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  • After almost seven years of preparation, Tokyo is about to light the torch for the 2020 Olympic Games.

  • The city's first hosting of the event in 1964 was described as “a turning point for Japan"

  • that set “a dazzlingly high bar” – so now that the 2020 Games are almost upon us,

  • what has Tokyo done to ensure it reacheslet alone surpassesits own sky-high

  • standards set more than half a century ago?

  • From striking aquatic centres and billion-dollar timber stadiumsthis is how Japan's capital

  • has transformed itself ahead of the greatest sporting event on Earth.

  • In the 1960s, when Tokyo became the first Asian city to host the Games, it stunned many

  • by pulling off a total transformation less than two decades after the end of the Second World War

  • a feat which would go on to help drive the country's rapid economic growth in the mid-20th century.

  • Some estimates suggest that Japan spent the equivalent of its entire national budget on

  • the building programme for the 1964 Gamesand the country used the event as a platform

  • to showcase innovations to a global audience, including the revolutionary Shinkansen bullet train.

  • Technology and construction play a key role again in 2020, with sustainability and environmental

  • consciousness as central themes of these Games.

  • The Athletes' Village has been built on an artificial island where residences are

  • powered by hydrogen energy and buses will run on fuel cells to transport athletes across the site.

  • Self-generating energy sources will be in use at 37 of the 38 venues, including solar

  • power systems and geothermal heating and cooling technology.

  • As well as taking the unusual step of reusing several legacy buildings,

  • eight state-of-the-art new venues have been built from scratch.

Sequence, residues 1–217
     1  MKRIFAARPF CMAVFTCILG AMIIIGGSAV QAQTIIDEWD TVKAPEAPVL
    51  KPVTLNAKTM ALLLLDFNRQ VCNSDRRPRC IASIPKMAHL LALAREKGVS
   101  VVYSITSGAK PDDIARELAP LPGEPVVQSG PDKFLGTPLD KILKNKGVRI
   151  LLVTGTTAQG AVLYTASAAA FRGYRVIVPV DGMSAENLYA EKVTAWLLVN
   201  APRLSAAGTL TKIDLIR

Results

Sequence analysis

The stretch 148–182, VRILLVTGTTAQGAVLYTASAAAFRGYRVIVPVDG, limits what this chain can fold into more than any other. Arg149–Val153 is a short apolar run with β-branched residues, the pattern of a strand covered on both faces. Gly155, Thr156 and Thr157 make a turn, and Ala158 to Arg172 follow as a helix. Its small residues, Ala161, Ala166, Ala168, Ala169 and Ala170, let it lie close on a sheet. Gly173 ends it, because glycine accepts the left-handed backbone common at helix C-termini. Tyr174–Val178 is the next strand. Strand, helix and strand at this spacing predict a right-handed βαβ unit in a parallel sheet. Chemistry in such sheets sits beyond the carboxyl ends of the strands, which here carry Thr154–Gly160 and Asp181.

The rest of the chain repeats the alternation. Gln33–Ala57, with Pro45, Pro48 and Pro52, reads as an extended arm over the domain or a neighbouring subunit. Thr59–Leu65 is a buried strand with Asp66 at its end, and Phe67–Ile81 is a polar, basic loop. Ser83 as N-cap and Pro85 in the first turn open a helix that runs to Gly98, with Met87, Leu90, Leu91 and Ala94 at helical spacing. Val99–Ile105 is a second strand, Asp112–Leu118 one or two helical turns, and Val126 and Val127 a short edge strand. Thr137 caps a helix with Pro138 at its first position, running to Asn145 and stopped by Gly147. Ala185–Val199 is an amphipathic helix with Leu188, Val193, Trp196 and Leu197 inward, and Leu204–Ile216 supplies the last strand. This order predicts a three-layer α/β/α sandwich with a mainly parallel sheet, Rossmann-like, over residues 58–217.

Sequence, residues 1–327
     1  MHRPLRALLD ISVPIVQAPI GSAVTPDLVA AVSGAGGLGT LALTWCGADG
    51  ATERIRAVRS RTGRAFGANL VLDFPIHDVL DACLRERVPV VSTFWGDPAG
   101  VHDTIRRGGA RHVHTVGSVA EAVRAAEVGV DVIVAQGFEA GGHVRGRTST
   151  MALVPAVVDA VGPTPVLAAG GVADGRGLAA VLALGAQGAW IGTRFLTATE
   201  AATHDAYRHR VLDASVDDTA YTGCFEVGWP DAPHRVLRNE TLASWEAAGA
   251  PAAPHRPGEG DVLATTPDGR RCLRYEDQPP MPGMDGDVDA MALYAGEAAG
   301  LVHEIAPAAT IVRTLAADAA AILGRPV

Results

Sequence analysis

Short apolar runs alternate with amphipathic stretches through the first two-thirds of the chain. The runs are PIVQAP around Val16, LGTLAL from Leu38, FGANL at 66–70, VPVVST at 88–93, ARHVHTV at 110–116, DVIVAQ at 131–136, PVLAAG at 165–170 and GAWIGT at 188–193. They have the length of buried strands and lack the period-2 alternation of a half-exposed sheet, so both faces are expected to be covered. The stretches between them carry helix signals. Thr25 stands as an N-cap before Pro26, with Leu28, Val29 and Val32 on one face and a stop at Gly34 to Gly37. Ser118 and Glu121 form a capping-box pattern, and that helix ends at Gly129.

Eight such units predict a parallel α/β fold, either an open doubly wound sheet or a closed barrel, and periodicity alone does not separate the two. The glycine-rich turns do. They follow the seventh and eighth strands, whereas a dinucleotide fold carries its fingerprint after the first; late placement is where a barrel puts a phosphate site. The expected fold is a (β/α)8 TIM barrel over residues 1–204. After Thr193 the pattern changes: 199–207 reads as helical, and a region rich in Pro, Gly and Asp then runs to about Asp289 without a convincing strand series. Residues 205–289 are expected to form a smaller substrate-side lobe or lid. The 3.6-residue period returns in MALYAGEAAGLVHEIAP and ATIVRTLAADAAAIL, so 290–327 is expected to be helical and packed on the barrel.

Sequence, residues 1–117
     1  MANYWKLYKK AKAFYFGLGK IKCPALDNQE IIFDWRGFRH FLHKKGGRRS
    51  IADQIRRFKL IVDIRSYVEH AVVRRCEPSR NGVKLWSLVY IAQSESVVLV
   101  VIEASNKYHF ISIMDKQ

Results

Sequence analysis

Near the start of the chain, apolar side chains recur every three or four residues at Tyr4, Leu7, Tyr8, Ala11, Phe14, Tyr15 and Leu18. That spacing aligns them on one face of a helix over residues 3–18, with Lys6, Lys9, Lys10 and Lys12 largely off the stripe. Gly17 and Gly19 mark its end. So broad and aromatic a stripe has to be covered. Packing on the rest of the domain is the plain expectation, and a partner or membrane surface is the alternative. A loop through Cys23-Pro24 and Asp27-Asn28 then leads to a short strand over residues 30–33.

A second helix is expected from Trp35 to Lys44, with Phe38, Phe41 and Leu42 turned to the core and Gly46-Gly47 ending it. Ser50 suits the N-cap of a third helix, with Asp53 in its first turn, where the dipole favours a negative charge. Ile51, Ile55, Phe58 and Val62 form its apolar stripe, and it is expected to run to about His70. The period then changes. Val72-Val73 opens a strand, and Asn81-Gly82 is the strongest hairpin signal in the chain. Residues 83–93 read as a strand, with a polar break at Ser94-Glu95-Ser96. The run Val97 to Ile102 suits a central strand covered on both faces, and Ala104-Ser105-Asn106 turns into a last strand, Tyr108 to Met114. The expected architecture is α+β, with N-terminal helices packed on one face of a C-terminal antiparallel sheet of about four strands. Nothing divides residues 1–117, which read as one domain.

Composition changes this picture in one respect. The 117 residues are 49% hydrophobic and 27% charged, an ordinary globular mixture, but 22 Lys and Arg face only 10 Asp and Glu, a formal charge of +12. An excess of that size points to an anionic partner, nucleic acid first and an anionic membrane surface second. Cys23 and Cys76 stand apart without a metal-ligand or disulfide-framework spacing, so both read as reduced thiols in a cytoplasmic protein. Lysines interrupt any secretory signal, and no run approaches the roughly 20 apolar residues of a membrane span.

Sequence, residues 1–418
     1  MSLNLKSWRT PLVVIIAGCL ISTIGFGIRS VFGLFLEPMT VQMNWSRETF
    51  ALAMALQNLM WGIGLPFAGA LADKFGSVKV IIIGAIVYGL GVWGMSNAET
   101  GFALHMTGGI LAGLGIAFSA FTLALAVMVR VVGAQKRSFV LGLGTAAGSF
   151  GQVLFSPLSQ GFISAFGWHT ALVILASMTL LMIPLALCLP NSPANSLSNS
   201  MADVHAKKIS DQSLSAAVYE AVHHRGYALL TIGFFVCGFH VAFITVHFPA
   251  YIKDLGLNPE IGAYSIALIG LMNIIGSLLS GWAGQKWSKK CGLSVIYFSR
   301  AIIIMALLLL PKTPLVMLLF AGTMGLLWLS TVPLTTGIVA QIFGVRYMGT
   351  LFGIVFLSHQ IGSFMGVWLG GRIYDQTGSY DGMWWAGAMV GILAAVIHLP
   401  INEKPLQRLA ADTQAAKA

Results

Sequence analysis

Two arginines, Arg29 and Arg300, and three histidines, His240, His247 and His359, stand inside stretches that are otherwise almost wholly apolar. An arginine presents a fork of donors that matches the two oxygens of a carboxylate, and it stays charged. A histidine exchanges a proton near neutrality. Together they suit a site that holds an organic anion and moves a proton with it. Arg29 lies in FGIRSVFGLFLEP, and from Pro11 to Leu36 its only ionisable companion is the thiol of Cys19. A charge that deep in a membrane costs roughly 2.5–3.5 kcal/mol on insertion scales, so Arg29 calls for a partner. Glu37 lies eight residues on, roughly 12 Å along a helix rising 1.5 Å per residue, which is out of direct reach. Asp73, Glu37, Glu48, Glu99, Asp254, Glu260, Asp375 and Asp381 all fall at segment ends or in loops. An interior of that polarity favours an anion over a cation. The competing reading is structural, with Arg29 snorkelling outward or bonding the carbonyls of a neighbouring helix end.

• Built on exactly the same footprint as the original 1964 flagship venue,

  • Tokyo's new 68,000-seat National Stadium will be the setting for the Opening and Closing Ceremonies,

  • as well as athletics events and football matches.

  • At a cost of USD $1.4 billion, the stadium was designed by Kengo Kuma, best known for

  • his use of natural materials, and was inspired by Japanese architecture and the environment.

  • The oval building provides seats across three tiers and blends steel with layers of

  • latticed wood gathered from all 47 of Japan's prefectures.

  • But the project has faced criticism from several organisations

  • who question the stadium's sustainable design.

  • Among the accusations are claims that tropical plywood from Indonesia and Malaysia were used

  • during construction, damaging the rainforests.

  • Before any of the controversy on this structure, the previous design proposal also ran into difficulties.

  • Zaha Hadid Architects originally designed the venue and had its proposals accepted

  • but the scheme was scrapped by the Japanese government in 2015 over rising costs.

  • Taking three years to build, Kuma's stadium was completed in November 2019,

  • eight months ahead of the Games.

  • The four-storey Tokyo Aquatics Centre is another new build highlight.

  • Its 7,000-tonne, ten-metre-thick roof was constructed before the rest of the structure

  • was developed around it, improving worker safety while saving time and money.

  • The roof, supported by four core pillars, was raised to a height of 37 metres in three stages.